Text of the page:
Prevent SSH From Timing Out - Best Method ?

When using SSH protocol, you might have noted that your sessions time out after a certain period of inactivity. While this is a sound security measure to prevent a bystander or any unauthorized user from taking over your session, it can be annoying and can pose challenges especially when you are running a lengthy task or operation.

Here at Ibmi Media, as part of our Server Management Services, we regularly help our Customers to perform related SSH queries on Debian Linux System.

In this context, we shall look into tips that will help you prevent SSH from timing out.

How to Prevent SSH from timing out on the server-side ?

To keep the SSH session alive during a period of inactivity, the server needs to be configured to send a null packet to the client system every so often. This can easily be accomplished on the server-side as follows.

On the server, open the /etc/ssh/sshd_config file with your preferred text editor:

$ sudo vim /etc/ssh/ssh_config

Append this line at the end of the file:

ClientAliveInterval 60

The ClientAliveInterval parameter specifies the number of seconds that the server will wait before sending a null packet to the client to prevent the session from timing out. In this case, the server will wait every 60 seconds before sending the null packet.

Once you are done, save and exit the file, then restart the SSH service:

$ sudo systemctl restart ssh

And confirm that SSH is running:

$ sudo systemctl status ssh

How to Prevent SSH from timing out on the Client-side ?

On the client-side open the /etc/ssh/sshd_config configuration file and append the line below:

ServerAliveInterval 60

The ServerAliveInterval directive indicates the time in seconds that the client waits before sending a null packet over to the server to maintain the SSH session. In our case, the clients wait for 60 seconds before sending the null packet.

Save and exit the SSH configuration file. Again, restart the SSH protocol:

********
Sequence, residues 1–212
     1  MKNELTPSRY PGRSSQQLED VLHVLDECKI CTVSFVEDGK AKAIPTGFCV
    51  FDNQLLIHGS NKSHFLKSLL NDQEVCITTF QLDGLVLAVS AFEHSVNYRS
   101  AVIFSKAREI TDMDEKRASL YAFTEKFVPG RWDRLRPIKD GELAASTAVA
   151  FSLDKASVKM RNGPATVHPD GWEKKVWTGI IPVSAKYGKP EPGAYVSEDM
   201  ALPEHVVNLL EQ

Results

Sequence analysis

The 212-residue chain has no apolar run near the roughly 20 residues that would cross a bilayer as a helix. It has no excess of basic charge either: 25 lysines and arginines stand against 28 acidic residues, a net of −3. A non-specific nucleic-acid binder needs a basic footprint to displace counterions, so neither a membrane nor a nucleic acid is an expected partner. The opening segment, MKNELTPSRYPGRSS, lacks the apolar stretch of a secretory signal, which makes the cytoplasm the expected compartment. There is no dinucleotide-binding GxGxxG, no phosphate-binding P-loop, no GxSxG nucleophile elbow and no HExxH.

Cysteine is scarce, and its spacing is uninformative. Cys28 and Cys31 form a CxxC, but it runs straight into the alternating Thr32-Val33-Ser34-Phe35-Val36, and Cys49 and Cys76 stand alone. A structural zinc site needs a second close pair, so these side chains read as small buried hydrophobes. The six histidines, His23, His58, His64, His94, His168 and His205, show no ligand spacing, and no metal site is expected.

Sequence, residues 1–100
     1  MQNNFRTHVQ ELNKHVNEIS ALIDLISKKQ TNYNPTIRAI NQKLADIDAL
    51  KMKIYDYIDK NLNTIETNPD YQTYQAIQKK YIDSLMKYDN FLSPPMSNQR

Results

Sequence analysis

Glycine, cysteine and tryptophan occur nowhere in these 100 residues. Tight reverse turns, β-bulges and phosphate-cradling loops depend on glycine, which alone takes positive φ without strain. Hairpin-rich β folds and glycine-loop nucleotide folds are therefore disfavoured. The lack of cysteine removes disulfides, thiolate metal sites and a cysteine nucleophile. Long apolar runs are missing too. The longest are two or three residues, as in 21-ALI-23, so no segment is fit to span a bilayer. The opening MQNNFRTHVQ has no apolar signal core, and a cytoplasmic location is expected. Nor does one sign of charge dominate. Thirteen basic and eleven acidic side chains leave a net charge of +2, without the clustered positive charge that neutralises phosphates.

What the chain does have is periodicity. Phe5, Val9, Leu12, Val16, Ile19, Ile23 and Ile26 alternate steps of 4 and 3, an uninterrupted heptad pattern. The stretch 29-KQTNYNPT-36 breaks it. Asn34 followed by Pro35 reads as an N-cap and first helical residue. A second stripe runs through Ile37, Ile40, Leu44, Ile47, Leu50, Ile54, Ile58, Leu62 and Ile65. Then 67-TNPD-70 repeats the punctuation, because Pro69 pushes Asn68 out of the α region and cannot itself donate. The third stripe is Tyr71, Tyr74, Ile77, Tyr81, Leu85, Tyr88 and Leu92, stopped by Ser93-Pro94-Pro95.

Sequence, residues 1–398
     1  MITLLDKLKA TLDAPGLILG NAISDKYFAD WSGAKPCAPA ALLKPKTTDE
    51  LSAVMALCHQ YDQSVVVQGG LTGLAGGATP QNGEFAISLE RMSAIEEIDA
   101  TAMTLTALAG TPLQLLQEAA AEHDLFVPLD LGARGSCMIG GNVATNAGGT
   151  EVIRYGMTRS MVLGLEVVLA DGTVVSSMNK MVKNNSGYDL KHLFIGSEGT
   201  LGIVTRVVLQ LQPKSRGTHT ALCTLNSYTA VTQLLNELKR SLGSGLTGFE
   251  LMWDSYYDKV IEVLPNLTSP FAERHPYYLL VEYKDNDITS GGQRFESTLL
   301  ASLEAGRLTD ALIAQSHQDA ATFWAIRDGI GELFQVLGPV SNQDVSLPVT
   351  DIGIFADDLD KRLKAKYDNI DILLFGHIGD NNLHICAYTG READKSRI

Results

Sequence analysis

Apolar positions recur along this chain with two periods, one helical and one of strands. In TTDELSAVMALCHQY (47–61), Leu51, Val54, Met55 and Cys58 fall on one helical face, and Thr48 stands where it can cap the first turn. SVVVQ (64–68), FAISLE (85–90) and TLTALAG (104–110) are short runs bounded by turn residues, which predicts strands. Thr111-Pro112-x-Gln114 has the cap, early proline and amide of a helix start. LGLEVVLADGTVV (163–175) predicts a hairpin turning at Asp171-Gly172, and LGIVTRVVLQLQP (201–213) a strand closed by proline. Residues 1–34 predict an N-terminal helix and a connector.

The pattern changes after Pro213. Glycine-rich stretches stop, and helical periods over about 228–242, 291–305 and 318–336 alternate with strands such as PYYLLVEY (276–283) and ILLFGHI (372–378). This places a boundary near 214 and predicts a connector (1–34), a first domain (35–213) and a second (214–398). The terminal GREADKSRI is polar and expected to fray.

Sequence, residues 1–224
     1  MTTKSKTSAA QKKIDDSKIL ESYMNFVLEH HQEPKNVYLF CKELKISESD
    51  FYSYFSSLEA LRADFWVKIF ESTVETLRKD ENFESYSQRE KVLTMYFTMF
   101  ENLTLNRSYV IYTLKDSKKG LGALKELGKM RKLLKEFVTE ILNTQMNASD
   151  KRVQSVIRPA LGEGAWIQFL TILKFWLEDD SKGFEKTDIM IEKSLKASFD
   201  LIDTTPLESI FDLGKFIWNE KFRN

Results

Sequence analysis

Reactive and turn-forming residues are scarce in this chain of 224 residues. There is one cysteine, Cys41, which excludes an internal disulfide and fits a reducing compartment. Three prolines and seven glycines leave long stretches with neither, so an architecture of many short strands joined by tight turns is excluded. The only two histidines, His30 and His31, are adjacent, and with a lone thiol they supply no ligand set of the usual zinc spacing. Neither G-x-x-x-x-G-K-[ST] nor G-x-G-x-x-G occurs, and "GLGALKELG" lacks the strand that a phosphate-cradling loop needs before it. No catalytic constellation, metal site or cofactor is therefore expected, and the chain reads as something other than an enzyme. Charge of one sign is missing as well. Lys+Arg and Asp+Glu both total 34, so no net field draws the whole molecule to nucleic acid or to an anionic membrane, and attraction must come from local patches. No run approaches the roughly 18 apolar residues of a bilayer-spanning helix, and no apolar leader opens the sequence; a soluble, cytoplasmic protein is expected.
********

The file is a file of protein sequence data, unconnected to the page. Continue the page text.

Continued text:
$ sudo systemctl restart ssh

And verify that the service is running:

$ sudo systemctl status ssh

How to Use Putty client to keep SSH sessions alive ?

Putty is a popular free SSH client that allows you to connect to remote devices over a TCP/IP network. To keep the SSH sessions alive, launch Putty and click on the 'Connection' option on the left sidebar. Then check on the 'Enable TCP keepalives (SO_KEEPALIVE option)' option as indicated.

From here click on the 'Connection' option at the very top and enter the remote server's IP and click 'Open'.

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This article covers different ways of keeping SSH sessions alive and preventing them from needlessly timing out. These are handy tips that you can use especially when there are no associated risks with someone taking over your SSH session when you are away. SSH sessions will timeout and the client will automatically be disconnected from the server after being idle or inactive for a while. 

To Avoid SSH timeout from the server:

1. Edit SSHd configuration file using your favorite editor,

$ sudo vi /etc/ssh/sshd_config

2. Set these options as the followings:

TCPKeepAlive no 
ClientAliveInterval 30
ClientAliveCountMax 240

Here, the server will not send the TCP alive packet to check if the client's connection is working, yet will still send the encrypted alive message every 30 seconds. It will only disconnect after at least 2 hours of inactivity.